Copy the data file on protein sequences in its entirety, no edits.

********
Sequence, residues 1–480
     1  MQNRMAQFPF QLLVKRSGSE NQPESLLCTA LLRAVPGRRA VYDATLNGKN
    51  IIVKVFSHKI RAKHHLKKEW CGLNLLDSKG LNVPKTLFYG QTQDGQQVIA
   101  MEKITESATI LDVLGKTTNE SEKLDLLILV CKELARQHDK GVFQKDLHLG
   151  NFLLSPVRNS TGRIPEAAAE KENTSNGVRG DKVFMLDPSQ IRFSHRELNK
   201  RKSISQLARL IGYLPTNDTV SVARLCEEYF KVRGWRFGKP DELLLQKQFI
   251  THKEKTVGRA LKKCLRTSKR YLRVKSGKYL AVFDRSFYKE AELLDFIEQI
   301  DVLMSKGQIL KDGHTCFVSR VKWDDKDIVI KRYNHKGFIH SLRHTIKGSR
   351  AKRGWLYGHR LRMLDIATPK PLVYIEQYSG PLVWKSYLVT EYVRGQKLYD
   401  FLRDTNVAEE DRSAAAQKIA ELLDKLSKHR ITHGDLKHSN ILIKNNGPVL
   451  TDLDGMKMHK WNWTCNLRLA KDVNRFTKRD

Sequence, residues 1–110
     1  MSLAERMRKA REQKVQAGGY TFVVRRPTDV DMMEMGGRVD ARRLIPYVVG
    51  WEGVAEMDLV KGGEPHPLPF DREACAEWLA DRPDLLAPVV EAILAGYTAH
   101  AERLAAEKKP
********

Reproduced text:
Sequence, residues 1–480
     1  MQNRMAQFPF QLLVKRSGSE NQPESLLCTA LLRAVPGRRA VYDATLNGKN
    51  IIVKVFSHKI RAKHHLKKEW CGLNLLDSKG LNVPKTLFYG QTQDGQQVIA
   101  MEKITESATI LDVLGKTTNE SEKLDLLILV CKELARQHDK GVFQKDLHLG
   151  NFLLSPVRNS TGRIPEAAAE KENTSNGVRG DKVFMLDPSQ IRFSHRELNK
   201  RKSISQLARL IGYLPTNDTV SVARLCEEYF KVRGWRFGKP DELLLQKQFI
   251  THKEKTVGRA LKKCLRTSKR YLRVKSGKYL AVFDRSFYKE AELLDFIEQI
   301  DVLMSKGQIL KDGHTCFVSR VKWDDKDIVI KRYNHKGFIH SLRHTIKGSR
   351  AKRGWLYGHR LRMLDIATPK PLVYIEQYSG PLVWKSYLVT EYVRGQKLYD
   401  FLRDTNVAEE DRSAAAQKIA ELLDKLSKHR ITHGDLKHSN ILIKNNGPVL
   451  TDLDGMKMHK WNWTCNLRLA KDVNRFTKRD

Sequence, residues 1–110
     1  MSLAERMRKA REQKVQAGGY TFVVRRPTDV DMMEMGGRVD ARRLIPYVVG
    51  WEGVAEMDLV KGGEPHPLPF DREACAEWLA DRPDLLAPVV EAILAGYTAH
   101  AERLAAEKKP